Warli art, which is popularly seen as a part of the interior designs in most modern Indian homes, is a beautiful folk art of Maharashtra, traditionally created by tribal women. While Warli is popularly turning into a hobby, few have the passion to turn it into a profession. One such businesswoman is Mrs. Prashansa Mulay—who like her name, has been making laudable efforts to present this traditional art to modern society through her business venture “Shaurya Arts”.
Opportunity in Crisis
A native of Wai, Prashansa holds a degree in MPM from Synergy University, Pune and after marriage, worked abroad in this field for a couple of years. Subsequently, the couple shifted back to Wai, where pregnancy and motherhood deterred Prashansa from working on a full-time job. However, instead of getting bogged down, she decided to turn her hobby, Warli art, into a business idea. Her parents offered to look after her child and with their support and her dedication, she saw the birth of her second baby—‘Shaurya Arts’ in January 2015.
Prashansa realised that besides fabric, Warli can also be done on earthenware, nameplates, glass and various other surfaces. She presents Warli not just as decorative items but also utility items like lampshades and cutlery, and has also ventured into corporate gifting. Prashansa has chalked out a five-phased product life cycle for her Warli products. Firstly, she sources earthen and ceramic ware from the local potter. Next, she gets the base coat applied from the local women of Wai. In the third stage, she does the main Warli art design herself. Finally, the application of the second coat and the packaging of the article is also outsourced.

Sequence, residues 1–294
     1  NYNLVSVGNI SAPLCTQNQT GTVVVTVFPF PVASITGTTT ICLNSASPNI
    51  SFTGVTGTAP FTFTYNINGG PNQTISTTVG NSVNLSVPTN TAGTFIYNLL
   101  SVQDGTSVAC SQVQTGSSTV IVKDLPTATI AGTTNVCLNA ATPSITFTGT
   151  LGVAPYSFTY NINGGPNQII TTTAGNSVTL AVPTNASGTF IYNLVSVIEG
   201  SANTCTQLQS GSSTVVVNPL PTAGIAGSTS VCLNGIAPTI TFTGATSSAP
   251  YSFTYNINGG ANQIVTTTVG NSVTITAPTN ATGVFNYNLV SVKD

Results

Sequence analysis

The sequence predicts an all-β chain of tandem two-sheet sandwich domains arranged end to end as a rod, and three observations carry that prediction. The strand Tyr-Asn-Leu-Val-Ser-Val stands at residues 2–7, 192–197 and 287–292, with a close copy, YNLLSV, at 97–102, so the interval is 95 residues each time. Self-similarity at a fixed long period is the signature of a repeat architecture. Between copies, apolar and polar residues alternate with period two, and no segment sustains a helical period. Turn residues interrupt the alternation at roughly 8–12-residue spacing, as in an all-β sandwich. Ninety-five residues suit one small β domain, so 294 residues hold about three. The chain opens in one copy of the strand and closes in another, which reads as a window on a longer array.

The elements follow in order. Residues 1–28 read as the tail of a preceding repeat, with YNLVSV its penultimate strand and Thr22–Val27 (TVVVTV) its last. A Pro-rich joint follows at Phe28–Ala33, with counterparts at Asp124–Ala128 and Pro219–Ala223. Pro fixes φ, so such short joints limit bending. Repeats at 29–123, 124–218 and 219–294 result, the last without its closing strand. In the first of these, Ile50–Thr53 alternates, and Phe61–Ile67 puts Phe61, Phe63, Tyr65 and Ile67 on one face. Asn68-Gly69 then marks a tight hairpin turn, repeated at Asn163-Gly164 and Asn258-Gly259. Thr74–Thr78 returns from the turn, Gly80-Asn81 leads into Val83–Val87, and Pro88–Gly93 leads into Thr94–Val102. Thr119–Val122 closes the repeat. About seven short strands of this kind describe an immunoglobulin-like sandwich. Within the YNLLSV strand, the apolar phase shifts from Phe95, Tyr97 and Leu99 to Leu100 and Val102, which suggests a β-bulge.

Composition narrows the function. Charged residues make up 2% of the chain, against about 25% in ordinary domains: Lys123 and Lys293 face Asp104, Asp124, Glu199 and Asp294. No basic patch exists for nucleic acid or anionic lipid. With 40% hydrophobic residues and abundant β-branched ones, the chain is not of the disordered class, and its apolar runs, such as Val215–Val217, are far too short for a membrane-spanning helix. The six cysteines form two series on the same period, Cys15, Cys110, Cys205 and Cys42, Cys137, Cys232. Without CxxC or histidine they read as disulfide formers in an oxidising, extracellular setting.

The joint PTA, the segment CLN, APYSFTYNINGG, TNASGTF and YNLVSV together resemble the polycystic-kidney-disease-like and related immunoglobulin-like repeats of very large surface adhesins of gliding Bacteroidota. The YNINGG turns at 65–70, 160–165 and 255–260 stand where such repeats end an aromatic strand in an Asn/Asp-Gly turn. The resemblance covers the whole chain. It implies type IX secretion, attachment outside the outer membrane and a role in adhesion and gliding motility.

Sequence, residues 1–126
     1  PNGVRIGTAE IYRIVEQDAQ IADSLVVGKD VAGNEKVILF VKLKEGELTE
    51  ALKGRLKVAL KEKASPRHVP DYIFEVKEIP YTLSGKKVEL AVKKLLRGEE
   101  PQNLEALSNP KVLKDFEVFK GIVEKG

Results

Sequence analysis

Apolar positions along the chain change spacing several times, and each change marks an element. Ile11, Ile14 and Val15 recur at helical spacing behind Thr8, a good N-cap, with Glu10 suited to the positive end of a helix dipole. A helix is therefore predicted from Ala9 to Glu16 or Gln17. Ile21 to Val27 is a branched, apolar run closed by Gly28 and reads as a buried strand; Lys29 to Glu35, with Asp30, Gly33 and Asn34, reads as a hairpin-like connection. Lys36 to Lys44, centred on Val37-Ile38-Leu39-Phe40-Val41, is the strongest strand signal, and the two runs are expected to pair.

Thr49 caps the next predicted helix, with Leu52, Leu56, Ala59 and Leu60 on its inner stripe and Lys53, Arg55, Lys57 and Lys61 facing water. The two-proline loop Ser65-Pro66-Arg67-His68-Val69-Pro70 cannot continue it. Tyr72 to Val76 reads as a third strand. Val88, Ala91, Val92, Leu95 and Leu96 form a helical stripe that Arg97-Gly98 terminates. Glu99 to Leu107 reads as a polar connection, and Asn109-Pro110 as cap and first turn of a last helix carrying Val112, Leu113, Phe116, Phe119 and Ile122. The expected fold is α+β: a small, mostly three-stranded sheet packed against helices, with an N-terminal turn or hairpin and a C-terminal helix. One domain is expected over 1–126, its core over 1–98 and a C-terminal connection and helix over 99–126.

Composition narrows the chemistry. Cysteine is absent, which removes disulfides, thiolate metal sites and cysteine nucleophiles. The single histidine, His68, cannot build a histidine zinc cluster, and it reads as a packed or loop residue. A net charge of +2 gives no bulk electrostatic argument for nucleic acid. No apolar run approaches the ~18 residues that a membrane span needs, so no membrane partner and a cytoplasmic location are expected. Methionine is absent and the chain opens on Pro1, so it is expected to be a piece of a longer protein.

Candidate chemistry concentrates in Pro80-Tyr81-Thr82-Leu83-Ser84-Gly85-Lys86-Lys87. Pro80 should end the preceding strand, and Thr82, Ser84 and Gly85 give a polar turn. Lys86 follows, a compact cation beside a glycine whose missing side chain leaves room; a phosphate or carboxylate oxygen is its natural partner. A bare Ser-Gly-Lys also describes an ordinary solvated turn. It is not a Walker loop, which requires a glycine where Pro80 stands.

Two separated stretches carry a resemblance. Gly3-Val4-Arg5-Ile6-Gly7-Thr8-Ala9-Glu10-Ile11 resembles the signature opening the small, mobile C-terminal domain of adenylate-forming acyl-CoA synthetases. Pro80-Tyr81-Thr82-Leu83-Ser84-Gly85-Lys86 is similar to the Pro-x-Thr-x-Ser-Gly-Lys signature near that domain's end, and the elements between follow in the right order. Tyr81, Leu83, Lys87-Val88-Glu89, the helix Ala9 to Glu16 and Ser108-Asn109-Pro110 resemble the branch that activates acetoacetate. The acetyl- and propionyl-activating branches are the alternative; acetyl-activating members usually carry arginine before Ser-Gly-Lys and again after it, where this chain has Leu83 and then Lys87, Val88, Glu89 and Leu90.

Introduction to deAsra
Prashansa is a member of the Marathi entrepreneurs network where she met Mrs. Shubhangi who runs a masala business and had received deAsra’s support. After a deAsra representative delivered a lecture to the group, Prashansa decided to contact them. Prashansa was trying hard to do exports, and she got some good guidance from deAsra regarding how she could start an export division for her business.
Since Warli artefacts are not a ‘need’ commodity and cater more to the ‘leisure’ segment, marketing is a challenge for Prashansa. She tries to promote her business through her business groups, social media, and has a done a few exhibitions before. Word of mouth publicity is a great way in which her artefacts sell well. She is trying to find a marketing agency in cities like Pune/Mumbai who can promote and sell her products in these cities. Secondly, her product involves working on delicate material like earthenware and glassware and handling it is a challenge.
Prashansa has many success stories of satisfied clients. As Diwali gifts for a construction company, she made wooden paperweights in the shape of a house with the company logo inscribed. She designed t-shirts for a tourism company on which she represented the company’s different services through Warli. For a Sports Company, she designed customised lanterns that depicted various sports through Warli .
Her products have reached cities like Pune, Mumbai and also to the US and New Zealand.
Prashansa wants to set her business base in Wai and give back her bit to the society by providing employment to the locals. Her HR skills help her communicate and empathise with the people who work for her. Besides Warli, she also wants to explore other Indian tribal arts like Madhubani.
She would be happy to receive deAsra’s guidance in expanding her business through e-commerce and building her own website.
deAsra wishes Prashansa all the very best for her business!